In light of the emerging reality in the region, the Israeli security and military establishment is giving itself a wide margin for intelligence assessment. In historical operations of this kind, other waves continue, and it is correct to note that these higher waves are followed by regional turmoil. Since the situation in the Middle East is more complex, it will take longer, despite the generalisations regarding the Arab Spring not being precise.

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From the Israeli point of view, Arab developments provided fuel for the following violent protests, and as long as the Arabs do not get what they want from the ruling authorities, the Arab Spring may repeat itself, as was the case in Tahrir Square.

Israel's experience with the Arab Spring confirms that the reality in the Middle East is difficult to predict, despite the fact that this dangerous period helped Israeli intelligence analyse the dynamics of the region. In the past, there were claims that dictatorship is better than mayhem, but today no one can promote this notion easily, and here begins the conflict.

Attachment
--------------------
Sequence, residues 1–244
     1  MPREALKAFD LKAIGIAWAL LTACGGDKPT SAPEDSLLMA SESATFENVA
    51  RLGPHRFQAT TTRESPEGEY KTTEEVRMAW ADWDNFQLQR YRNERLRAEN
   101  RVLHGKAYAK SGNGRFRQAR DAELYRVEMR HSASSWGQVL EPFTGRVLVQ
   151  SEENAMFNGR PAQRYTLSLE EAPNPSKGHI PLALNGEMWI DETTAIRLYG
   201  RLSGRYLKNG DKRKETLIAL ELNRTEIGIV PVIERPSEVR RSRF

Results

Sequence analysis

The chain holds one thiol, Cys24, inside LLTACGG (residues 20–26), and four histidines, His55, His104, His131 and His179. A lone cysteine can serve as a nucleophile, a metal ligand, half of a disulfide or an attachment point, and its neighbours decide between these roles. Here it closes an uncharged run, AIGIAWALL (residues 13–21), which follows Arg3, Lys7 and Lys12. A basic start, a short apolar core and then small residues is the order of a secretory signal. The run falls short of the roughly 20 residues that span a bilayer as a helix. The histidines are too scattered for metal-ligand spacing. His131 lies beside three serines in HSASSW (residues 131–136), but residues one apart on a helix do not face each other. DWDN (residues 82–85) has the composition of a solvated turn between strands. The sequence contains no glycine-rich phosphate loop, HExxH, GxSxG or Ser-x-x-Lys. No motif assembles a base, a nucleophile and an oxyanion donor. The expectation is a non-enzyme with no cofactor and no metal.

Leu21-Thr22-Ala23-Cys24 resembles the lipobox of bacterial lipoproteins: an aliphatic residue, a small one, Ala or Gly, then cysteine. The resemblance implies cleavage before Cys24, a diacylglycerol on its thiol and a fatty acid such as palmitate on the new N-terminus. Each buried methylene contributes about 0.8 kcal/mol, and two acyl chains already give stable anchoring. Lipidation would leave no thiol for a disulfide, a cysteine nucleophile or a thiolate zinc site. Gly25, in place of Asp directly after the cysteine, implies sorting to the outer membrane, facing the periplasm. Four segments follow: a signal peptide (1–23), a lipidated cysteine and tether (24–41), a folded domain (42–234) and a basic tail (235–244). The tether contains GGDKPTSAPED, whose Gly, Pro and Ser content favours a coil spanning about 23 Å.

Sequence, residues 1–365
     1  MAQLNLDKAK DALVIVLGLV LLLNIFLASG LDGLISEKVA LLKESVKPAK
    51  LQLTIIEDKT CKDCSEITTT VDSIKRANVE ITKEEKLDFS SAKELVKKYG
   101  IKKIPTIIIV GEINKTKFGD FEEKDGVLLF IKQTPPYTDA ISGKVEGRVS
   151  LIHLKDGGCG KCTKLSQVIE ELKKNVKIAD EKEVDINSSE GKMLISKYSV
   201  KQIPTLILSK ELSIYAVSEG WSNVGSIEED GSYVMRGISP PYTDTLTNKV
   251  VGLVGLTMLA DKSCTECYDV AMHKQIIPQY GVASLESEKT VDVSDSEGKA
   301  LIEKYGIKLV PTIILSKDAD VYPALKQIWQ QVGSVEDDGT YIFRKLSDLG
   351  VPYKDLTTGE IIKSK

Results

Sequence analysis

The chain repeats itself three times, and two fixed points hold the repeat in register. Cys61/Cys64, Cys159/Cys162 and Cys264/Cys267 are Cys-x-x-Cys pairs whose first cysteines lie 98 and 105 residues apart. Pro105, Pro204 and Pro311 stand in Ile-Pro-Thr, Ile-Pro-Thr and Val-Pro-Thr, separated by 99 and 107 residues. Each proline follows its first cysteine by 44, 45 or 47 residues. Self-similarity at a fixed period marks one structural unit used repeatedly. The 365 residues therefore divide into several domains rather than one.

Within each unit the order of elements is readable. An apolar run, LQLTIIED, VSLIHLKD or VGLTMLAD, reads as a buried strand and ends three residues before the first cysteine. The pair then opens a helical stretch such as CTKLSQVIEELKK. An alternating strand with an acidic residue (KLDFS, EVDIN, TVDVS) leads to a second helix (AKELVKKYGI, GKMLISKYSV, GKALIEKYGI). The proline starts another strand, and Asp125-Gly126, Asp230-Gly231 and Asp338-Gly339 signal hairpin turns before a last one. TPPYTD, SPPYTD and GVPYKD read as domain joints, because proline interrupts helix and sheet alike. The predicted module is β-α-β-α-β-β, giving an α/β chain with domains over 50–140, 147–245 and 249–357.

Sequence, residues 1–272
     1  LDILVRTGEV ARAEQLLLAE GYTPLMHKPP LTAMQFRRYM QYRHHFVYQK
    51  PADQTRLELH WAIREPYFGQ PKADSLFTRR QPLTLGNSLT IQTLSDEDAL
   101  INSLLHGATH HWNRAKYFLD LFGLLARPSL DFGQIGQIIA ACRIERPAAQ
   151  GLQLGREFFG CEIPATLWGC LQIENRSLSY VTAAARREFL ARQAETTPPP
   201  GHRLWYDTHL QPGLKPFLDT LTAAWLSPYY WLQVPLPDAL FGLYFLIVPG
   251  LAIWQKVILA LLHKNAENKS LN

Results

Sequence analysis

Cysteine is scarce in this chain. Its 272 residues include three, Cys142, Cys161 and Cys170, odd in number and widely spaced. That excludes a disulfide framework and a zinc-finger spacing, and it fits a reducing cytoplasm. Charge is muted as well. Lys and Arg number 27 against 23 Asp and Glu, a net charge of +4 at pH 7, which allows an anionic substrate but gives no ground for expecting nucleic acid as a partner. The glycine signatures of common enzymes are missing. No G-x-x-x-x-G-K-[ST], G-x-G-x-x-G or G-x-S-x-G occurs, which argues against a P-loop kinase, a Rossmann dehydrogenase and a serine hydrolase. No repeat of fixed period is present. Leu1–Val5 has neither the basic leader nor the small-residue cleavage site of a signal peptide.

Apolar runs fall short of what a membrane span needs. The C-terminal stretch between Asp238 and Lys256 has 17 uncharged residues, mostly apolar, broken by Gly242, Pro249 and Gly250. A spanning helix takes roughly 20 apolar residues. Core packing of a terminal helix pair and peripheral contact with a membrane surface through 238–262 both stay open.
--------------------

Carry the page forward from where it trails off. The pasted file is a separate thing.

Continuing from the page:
After a decade, Israel does not prefer the fall of Arab regimes or the outbreak of civil wars, but instead, it seeks the continuation of stable governments, even if they are dictatorships. For Israel, there is a need for one clear address to deliver messages and to negotiate, because the Middle East is still the global hub for Jihad in Syria, Sinai and Iraq, and the phenomena that erupted and disappeared at this stage, posed a threat to the Israeli home front.

In Israel's opinion, the Arab Spring not only shed light on the desire of the Arab citizen to obtain their basic rights and a decent living condition, but also emphasised the growth of the non-governmental player, fighting without military weapons and the use of advanced technologies. This is what really worries Israel in the coming years.

The views expressed in this article belong to the author and do not necessarily reflect the editorial policy of Middle East Monitor.